In Aly Raisman: From Darkness to Light, the former Olympian confronts her most challenging task yet: recovering from the sexual abuse she experienced while training as an elite gymnast.
Raisman is one of more than 200 survivors of sexual abuse by former USA Gymnastics’ team doctor Larry Nassar; in the documentary, which airs tonight on the Lifetime channel, she sits down with other survivors who were sexually abused by trusted members of the community as children, and breaks through the walls of fear, intimidation, ignorance and prejudice that keep such abuse in the dark. The journey she chronicles is both theirs and her own, and part of what makes the documentary so powerful is Raisman’s vulnerability and her transparency regarding her own struggles to process what she went through. In the special, Raisman says that she still finds hearing about other people’s experiences “triggering;” and in one scene, we see her quietly leaving the courtroom as another survivor details the traumatic experience of her abuse to the California state legislature.
“It was important for me to do this because most survivors aren’t supported the way I was supported,” Raisman tells TIME. “I’ve really learned the importance and the power of community and how crucial that is for survivors. I hope this special gives people a better understanding of how common sexual abuse is, and I hope it’s a reminder that no matter what you’re going through, there is a light at the end of the tunnel, you are going to be okay and there is help out there. I hope it starts the conversation, whether it’s at the dinner table, or at work, or in youth sports groups, and inspires people to ask questions and learn more.”
Throughout the three-hour special, Raisman solicits advice from other sexual abuse advocates, like #metoo movement founder Tarana Burke, who counsels the retired gymnast to make sure she looks after her own mental health as she embarks on the journey to speak with other survivors.
The documentary comes at a time when Raisman and other former USA gymnasts are still pushing for USA Gymnastics (USAG) and the U.S. Olympic and Paralympic Committee to take responsibility for failing to protect young athletes even after a few of them and their parents and coaches reported Nassar’s abuse to USAG. Raisman, along with Olympic teammates McKayla Maroney and Simone Biles, and national team member Maggie Nichols, testified on Sept. 15 before the Senate Judiciary Committee about the FBI’s flawed investigation of the Nassar sexual abuse reports. Raisman says she felt it was important to testify, despite the pain of reliving her own abuse experiences. “I know it’s so much bigger than myself,” she says. It also took a lot to overcome her fear of letting others down. “There is so much pressure on us to deliver good testimony,” says Raisman. “If we don’t, there’s the pressure of, ‘Will this move the needle? Will people listen? Will people hear us? Will this effectuate change?’”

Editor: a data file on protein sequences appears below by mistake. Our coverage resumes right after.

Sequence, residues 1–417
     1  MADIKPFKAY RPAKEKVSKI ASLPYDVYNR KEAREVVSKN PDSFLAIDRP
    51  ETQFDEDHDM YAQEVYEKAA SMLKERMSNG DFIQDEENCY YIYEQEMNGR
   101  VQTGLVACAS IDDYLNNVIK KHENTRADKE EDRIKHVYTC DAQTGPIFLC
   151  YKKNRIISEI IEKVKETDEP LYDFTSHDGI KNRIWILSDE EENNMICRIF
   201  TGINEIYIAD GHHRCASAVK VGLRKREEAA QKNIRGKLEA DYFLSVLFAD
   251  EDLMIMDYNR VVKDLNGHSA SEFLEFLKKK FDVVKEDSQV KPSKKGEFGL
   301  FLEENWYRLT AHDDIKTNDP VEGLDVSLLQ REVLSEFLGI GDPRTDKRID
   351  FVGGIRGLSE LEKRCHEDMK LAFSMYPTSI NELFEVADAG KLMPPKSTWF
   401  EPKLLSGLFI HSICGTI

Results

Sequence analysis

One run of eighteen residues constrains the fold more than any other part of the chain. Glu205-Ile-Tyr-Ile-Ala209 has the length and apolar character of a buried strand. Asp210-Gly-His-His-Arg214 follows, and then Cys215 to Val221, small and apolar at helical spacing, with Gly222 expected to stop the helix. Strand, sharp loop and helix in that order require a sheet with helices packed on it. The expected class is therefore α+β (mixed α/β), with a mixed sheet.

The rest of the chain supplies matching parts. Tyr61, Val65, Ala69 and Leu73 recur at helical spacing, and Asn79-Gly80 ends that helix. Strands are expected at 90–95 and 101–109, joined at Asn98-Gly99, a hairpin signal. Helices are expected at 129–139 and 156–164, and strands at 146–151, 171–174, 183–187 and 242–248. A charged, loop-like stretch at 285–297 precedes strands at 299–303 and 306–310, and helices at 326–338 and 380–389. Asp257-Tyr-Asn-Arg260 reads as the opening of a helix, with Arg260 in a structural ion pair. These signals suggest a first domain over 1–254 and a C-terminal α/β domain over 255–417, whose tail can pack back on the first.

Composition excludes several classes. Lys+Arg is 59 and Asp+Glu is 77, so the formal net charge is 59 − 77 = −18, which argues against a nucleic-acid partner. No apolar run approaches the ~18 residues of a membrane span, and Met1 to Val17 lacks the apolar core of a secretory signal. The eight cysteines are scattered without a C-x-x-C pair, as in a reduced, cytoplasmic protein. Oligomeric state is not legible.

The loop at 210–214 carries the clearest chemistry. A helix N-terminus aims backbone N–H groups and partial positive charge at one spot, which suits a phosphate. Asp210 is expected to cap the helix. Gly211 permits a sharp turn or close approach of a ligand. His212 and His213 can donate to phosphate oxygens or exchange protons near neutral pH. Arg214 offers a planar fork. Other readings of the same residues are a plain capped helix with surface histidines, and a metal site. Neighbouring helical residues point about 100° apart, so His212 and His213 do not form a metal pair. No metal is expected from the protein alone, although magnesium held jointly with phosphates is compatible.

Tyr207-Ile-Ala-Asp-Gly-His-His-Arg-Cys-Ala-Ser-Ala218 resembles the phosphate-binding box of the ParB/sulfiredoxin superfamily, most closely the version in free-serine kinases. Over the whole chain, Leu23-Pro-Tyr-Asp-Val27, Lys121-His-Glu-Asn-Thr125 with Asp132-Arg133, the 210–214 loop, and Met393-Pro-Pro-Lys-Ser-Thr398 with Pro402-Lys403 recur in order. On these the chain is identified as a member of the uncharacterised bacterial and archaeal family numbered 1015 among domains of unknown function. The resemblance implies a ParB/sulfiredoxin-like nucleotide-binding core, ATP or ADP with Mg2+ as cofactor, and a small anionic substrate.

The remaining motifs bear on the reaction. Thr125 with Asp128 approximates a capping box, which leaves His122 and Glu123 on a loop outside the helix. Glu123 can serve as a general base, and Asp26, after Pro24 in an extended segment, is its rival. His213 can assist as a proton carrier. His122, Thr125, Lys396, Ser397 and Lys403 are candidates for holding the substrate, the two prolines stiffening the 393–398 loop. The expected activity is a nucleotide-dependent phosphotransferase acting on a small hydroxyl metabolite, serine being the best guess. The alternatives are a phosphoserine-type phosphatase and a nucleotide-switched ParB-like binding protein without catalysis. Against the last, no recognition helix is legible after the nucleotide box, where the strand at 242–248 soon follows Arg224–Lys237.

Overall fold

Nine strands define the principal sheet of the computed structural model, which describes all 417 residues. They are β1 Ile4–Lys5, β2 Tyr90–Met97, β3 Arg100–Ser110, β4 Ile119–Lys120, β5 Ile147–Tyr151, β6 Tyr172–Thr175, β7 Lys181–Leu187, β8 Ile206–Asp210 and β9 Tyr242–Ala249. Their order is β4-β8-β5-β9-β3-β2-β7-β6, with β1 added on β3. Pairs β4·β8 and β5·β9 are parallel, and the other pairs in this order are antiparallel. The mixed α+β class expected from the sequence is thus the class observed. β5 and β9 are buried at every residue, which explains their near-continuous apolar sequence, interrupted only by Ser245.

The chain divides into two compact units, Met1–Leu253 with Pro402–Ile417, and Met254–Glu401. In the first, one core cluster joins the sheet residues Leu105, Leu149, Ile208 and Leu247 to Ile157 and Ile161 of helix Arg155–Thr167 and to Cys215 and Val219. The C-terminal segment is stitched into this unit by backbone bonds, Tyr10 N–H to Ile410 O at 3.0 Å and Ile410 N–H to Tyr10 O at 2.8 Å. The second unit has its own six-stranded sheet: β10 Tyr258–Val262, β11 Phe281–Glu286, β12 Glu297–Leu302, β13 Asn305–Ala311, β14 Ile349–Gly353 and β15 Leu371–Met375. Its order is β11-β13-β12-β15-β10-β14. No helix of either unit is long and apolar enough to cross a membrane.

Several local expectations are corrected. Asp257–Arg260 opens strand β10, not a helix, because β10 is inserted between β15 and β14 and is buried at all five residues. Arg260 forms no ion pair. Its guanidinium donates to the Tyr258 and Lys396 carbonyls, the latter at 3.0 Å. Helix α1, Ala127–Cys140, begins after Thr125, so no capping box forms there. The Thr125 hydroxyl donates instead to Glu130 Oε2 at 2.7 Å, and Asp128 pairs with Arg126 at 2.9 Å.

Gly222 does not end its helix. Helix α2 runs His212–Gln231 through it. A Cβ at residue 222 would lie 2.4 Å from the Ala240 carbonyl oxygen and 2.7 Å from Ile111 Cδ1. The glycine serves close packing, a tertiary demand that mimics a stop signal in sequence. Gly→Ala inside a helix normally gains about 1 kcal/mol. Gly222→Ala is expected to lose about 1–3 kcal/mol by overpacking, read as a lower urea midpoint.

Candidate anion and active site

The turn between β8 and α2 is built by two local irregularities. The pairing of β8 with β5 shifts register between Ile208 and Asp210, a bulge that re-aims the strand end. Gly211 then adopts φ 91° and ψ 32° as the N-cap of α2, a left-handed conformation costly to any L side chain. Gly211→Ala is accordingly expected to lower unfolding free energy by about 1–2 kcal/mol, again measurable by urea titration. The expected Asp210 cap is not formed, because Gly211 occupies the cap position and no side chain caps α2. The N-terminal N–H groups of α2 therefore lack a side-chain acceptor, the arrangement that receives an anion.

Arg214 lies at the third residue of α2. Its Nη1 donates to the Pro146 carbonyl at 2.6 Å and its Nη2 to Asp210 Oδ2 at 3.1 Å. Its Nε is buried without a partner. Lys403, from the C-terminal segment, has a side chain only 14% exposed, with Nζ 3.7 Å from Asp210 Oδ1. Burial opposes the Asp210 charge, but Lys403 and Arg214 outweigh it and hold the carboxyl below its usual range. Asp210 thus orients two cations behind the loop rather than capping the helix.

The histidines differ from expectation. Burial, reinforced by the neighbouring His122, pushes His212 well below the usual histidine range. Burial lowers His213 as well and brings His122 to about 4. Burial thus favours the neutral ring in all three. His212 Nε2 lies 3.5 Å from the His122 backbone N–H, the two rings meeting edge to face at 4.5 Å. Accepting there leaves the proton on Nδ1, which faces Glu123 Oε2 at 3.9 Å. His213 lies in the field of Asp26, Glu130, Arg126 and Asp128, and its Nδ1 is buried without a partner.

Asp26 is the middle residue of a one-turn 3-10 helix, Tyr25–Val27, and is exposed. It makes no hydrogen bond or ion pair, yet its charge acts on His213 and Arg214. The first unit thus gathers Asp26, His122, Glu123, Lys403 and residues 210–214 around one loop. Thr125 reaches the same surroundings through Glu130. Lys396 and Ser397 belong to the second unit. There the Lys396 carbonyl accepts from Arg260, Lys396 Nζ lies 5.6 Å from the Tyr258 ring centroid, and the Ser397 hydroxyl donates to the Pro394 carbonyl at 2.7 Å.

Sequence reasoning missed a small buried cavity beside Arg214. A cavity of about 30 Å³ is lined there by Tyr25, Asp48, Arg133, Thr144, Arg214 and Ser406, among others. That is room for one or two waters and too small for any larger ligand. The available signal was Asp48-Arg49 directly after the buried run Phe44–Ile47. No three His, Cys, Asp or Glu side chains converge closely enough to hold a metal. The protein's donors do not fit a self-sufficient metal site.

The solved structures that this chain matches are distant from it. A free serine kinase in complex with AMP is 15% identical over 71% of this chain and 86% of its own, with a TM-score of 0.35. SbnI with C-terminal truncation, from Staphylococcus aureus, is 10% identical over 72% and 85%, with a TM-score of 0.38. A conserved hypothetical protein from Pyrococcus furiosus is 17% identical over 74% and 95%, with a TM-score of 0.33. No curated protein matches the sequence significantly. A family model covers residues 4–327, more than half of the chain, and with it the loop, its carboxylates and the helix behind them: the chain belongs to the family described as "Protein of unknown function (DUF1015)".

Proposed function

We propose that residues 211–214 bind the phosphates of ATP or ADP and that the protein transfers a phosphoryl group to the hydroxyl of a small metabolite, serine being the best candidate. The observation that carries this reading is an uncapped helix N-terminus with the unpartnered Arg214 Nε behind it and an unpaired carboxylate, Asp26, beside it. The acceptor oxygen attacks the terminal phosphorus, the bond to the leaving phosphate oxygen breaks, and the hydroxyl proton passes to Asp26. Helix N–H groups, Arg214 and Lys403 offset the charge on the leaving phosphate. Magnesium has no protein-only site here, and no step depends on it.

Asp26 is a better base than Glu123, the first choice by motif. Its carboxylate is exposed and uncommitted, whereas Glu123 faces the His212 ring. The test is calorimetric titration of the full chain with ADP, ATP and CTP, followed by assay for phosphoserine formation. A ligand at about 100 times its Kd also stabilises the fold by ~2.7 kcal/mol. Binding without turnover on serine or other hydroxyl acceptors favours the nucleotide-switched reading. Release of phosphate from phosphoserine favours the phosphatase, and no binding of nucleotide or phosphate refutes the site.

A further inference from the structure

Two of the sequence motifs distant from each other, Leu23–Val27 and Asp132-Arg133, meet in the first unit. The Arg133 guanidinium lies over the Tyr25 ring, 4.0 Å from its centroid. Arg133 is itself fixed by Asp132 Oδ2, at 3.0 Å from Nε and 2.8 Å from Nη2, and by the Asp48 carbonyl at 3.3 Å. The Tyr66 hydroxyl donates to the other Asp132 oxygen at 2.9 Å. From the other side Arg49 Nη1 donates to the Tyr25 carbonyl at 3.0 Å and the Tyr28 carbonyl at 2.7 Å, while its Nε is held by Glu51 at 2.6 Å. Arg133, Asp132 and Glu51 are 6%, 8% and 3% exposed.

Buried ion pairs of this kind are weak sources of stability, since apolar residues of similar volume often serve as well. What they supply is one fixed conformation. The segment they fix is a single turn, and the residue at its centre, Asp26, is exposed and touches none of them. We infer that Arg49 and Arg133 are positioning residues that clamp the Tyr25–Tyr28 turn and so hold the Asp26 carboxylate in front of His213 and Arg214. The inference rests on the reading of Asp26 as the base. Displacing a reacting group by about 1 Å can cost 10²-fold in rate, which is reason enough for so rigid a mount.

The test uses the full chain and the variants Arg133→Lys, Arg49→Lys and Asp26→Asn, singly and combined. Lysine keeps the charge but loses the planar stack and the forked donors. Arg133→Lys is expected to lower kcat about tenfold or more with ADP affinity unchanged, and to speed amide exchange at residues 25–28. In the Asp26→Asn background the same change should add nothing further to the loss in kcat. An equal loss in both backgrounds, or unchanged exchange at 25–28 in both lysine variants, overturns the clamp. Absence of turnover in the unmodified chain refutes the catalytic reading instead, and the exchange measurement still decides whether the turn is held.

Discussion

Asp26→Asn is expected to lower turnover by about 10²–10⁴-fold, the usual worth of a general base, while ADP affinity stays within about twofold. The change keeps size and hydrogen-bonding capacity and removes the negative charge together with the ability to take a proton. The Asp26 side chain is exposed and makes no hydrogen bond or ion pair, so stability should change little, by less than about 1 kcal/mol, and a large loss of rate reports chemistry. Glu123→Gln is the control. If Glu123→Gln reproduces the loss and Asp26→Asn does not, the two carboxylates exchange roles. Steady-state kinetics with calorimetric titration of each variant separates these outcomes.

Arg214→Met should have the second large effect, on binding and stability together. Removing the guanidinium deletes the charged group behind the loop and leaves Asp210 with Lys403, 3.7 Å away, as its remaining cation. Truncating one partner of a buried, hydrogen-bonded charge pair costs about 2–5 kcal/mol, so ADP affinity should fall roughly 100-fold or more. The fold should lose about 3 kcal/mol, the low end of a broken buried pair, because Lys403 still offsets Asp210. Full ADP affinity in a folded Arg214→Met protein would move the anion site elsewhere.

To ensure that more young children don’t have the same experience that she had, Raisman is working with the non-profit Darkness to Light, which seeks to better equip adults to recognize child abuse, and to talk to children about it—even in cases where children are too young to recognize it themselves, or, if they do, too fearful to say anything.
She is also intent on chronicling not just the trauma but also her experience healing. “The thing that has helped me the most in my healing is being patient with myself, and giving myself permission to have tougher days where I do feel really tired,” she says. “I used to be hard on myself, and I still am, by I’m trying to be kinder to myself.”
The special first aired on Lifetime on Sept. 24.
View original article
Contributor: Alice Park